EDITORIAL: What matters

City of Parksville officials explain what 'welfare' really means in their budget pie chart

Mayor Chris Burger wanted to set the record straight.

Or provide an education.

Either way, we were cordially invited to Parksville City Hall this week for a chat with the mayor and CAO Fred Manson about the budget and the use of the word “welfare” a few times in the city’s pie chart explaining where $15 million goes every year. We published the pie chart on page 3 of our May 9 edition and we shared the curiousity of some readers who scoffed at the references to “Organizational Welfare, Economic Welfare, Community and Social Welfare.”

We appreciated the invitation and, despite our tardiness, Burger and Manson were welcoming and forthcoming.

They explained what the welfare references meant, and, really, it’s just an organizational thing, an easier way for councillors, the mayor and staff to know what goes where on the operational side of things. It’s set up in a similar way as the capital expenditures side of the budget, so that all makes sense to those who work at city hall, we’re sure.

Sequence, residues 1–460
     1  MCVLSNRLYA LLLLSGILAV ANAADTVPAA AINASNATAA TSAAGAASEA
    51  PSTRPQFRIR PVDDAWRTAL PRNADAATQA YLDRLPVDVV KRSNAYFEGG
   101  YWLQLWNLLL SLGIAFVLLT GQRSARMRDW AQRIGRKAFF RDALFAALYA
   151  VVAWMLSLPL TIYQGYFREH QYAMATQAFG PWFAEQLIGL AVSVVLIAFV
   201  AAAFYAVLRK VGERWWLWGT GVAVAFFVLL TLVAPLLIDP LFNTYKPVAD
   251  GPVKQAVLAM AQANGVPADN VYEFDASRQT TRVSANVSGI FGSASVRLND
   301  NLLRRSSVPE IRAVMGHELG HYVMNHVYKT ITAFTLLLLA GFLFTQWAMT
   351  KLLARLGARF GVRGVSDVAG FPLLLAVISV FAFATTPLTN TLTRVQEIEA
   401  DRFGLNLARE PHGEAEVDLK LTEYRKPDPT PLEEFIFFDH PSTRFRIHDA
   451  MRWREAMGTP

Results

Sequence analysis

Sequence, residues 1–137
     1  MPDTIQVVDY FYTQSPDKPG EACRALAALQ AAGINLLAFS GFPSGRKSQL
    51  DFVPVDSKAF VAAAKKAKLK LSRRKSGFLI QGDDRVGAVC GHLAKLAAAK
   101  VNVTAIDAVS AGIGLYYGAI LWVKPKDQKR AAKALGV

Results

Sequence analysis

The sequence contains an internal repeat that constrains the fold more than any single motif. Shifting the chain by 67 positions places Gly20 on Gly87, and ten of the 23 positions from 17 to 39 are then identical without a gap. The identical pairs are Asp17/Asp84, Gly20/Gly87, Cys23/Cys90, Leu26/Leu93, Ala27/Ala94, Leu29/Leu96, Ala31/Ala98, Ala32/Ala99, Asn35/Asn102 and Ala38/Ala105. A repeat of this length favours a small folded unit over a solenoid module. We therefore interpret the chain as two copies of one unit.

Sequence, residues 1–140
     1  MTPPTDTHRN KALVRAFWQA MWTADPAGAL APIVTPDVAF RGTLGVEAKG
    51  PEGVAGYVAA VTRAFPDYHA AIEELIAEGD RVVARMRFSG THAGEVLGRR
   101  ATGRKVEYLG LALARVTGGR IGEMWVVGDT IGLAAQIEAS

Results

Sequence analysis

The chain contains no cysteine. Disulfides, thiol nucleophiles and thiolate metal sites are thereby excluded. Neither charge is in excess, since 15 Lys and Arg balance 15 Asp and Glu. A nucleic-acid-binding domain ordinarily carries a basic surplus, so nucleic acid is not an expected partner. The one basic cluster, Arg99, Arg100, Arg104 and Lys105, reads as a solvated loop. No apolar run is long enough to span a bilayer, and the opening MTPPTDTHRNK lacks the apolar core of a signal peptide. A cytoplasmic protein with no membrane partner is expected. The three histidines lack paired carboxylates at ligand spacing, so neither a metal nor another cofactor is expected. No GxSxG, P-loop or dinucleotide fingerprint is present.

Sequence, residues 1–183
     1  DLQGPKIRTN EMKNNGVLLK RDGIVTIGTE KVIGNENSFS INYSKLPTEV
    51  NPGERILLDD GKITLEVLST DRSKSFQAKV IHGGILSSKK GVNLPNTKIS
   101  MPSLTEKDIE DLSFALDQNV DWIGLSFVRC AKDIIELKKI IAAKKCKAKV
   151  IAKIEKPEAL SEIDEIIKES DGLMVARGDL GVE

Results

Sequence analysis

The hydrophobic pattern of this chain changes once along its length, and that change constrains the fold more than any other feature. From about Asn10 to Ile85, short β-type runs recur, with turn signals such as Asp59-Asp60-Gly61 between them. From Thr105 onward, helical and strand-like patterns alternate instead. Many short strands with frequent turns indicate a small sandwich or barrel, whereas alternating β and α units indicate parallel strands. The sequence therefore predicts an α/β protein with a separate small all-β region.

Burger and Manson then went on to explain how their budget process includes looks into the future, with projections of both revenue and the capital projects they know will come up in certain years. For example the current $2 million Temple Street project was first talked about — and reflected in future budgets — 10-12 years ago.

It all seemed clear and, frankly, well run.

When they did stray from the raw numbers and the process — perhaps they saw our eyes start to glaze over — Burger spoke proudly about the process and the operational savings Manson was able to show this year ($100,000). However, the mayor did seem rather perplexed about the general public’s lack of interest in the budget.

“When we hold these budget meetings, only two or three people show up and that’s ironic because this sets direction for the city,” said Burger.

He’s right — the way the process is set up, a budget meeting one year could have a big effect on what gets done in Parksville for a decade or more. While debates about chickens or subdivisions might attract a crowd to a city council meeting, perhaps residents are ignoring the meetings that really matter.

— Editorial by John Harding